Director-General pays official visit to Mongolia

Director-General pays official visit to Mongolia
  • © UNESCO/ A. Vohra

From 26 to 29 July 2006, Koïchiro Matsuura undertook his second official visit to Mongolia, on the occasion of the fifth Children’s Performing Arts Festival in East Asia.

On 27 July, the Director-General, together with Mr Ulziisaikhan Enkhtuvshin, the Minister of Education, Science and Culture of Mongolia and Chairman of the Mongolian National Commission, inaugurated the Festival. Initiated within the framework of the International Decade for a Culture of Peace and Non-Violence for the Children of the World (2001-2010), UNESCO’s Children’s Performing Arts Festival is a unique event aimed at fostering dialogue and a culture of peace, especially among youth. Held on an annual basis, this year’s Festival brought together children from China, including the Macao Special Administrative Region, the Democratic People’s Republic of Korea, Japan, Mongolia and the Republic of Korea.

In his opening remarks Mr Matsuura said: “As heirs to our cultural traditions, and the driving force behind tomorrow’s world, children play a crucial role in transmitting the values of tolerance and cultural diversity. With minds open to the world, and free from prejudice, they are our best ambassadors for peace”.

This year’s Festival also coincided with the 800th anniversary celebrations of the creation of the State of Mongolia, in which all UN agencies have been invited to taken an active part.

In his meeting with Mr Enkhtuvshin, the Director-General expressed his satisfaction at UNESCO’s excellent relations with Mongolia, especially in the areas of education and culture. He noted that since his previous visit to the country in 2002, several joint educational activities had been successfully undertaken, notably within the framework of UNESCO’s support to Mongolia’s establishment of a Mid-Term Master Plan for Improving Education for All. This support in particular includes institutional development and capacity-building within the Ministry of Education, Science and Culture, and the development of ICTs in education to promote access to information for all.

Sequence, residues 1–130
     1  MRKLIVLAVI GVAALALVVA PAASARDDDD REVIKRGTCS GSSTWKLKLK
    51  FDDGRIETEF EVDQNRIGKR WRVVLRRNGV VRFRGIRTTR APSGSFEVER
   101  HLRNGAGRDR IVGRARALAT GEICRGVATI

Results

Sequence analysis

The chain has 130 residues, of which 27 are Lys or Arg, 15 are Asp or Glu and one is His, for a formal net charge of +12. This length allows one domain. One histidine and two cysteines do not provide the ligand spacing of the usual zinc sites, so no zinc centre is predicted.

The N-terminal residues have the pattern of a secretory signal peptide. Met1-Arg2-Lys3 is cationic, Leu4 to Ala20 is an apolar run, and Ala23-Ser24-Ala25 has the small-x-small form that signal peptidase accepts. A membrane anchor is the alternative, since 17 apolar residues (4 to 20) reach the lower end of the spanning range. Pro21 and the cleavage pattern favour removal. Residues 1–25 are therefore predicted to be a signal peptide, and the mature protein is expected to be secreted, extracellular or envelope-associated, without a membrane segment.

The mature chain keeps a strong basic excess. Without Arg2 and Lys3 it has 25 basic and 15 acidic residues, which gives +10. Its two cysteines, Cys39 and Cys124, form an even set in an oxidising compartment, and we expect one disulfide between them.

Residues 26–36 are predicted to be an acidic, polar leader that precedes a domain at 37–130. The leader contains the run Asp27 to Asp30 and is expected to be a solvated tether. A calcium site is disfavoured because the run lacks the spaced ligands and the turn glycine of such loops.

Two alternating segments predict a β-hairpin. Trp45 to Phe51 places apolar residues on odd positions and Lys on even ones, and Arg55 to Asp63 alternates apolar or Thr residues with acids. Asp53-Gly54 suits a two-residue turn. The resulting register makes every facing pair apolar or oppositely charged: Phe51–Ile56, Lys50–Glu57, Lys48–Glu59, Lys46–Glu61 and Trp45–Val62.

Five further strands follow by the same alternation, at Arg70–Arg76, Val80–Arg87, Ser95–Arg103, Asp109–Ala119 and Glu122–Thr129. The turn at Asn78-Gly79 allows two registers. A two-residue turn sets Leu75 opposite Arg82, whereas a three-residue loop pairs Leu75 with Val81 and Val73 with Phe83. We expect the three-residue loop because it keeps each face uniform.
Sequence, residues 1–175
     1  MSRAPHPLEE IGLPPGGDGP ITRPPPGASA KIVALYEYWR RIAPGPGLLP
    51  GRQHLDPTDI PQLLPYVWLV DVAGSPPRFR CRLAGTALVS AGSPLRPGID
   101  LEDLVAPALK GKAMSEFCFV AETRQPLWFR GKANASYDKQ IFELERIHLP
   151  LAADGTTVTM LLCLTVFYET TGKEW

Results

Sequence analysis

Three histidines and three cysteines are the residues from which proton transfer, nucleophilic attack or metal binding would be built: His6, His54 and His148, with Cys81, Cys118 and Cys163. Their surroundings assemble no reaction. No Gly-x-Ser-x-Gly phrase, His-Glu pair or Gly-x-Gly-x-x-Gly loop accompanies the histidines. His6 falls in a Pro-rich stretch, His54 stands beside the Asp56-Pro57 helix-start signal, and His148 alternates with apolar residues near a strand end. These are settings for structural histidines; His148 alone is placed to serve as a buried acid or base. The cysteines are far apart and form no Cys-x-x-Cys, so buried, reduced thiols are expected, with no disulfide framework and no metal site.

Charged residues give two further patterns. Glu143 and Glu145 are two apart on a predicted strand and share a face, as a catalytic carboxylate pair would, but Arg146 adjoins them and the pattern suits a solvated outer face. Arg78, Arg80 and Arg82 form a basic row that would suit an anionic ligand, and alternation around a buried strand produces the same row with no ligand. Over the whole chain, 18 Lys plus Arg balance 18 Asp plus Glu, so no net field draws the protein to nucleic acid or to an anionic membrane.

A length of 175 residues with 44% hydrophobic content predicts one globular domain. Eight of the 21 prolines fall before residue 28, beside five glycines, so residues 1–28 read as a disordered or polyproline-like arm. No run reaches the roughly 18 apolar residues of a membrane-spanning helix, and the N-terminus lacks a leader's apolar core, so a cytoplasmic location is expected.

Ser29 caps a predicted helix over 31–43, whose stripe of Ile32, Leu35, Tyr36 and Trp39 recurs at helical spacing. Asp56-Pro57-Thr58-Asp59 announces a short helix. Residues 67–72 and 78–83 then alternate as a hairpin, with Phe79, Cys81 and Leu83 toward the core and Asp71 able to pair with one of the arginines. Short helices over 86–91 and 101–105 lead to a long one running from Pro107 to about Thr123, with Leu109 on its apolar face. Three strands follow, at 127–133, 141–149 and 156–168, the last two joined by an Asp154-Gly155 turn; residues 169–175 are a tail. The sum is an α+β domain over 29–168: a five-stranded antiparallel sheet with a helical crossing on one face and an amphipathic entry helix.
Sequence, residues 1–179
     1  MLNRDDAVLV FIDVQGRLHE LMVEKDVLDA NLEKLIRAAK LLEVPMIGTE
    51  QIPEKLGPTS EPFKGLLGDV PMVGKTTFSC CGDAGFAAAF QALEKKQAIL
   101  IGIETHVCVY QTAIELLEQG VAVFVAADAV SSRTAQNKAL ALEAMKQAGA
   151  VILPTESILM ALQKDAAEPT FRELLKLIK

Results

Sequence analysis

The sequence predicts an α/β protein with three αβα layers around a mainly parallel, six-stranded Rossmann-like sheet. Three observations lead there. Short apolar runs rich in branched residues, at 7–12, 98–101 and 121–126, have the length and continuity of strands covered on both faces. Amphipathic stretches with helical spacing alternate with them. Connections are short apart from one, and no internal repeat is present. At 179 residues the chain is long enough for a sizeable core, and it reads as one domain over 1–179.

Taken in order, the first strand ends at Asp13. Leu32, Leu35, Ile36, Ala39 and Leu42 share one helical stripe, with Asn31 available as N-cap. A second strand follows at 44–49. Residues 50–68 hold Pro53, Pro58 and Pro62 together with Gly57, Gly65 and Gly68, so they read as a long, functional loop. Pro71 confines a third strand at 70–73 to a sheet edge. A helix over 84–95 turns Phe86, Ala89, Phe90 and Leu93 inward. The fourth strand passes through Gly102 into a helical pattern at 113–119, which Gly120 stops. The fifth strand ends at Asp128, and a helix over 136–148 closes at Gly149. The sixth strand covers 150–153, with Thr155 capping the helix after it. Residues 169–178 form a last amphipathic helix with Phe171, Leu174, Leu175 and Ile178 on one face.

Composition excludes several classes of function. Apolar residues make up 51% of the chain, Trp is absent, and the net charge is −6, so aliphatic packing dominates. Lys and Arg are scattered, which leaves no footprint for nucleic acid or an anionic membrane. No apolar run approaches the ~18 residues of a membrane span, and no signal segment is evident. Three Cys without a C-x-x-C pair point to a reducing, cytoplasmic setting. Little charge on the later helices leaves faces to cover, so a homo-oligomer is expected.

The Director-General also noted with satisfaction achievements in the field of culture, congratulating the Mongolian Government on the inscription of two sites on the UNESCO World Heritage List (Uvs Nuur Basin, a Mongolian/Russian Federation trans-boundary natural site and Orkhn Valley Cultural Landscape), and on the proclamation of two Masterpieces of the Oral and Intangible Cultural Heritage of Humanity (the Traditional Music of Morin Khuur, in 2003, and the Mongolian Traditional Long Song Urtiin Duu, in 2005). The Director-General said he was honoured to have the opportunity to personally hand-over the Certificate recognizing the Masterpiece of Urtiin Duu during his visit.

Following their discussion, the Director-General and the Minister of Education, Science and Culture signed a renewed Aide-Mémoire, outlining the main areas for future collaboration. These include the implementation of the Education Mid-Term Master Plan (2006-2015) which, in line with the national EFA Plan of Action, aims to achieve the goals of the Dakar Framework for Action by 2015. Mr Matsuura and the Minister also signed the Plan of Operations for the Phase II project “Provision of Comprehensive Mobile Educational and Cultural Services for Herders in Mongolia”. This project, which began in 2004 under the Japanese Fund-in-Trust, aims at expanding and improving educational and cultural services for herder households through such methods as the set-up and operation of mobile educational and cultural service centres and the introduction of home-based pre-school education as a model provision for pre-school education in the country.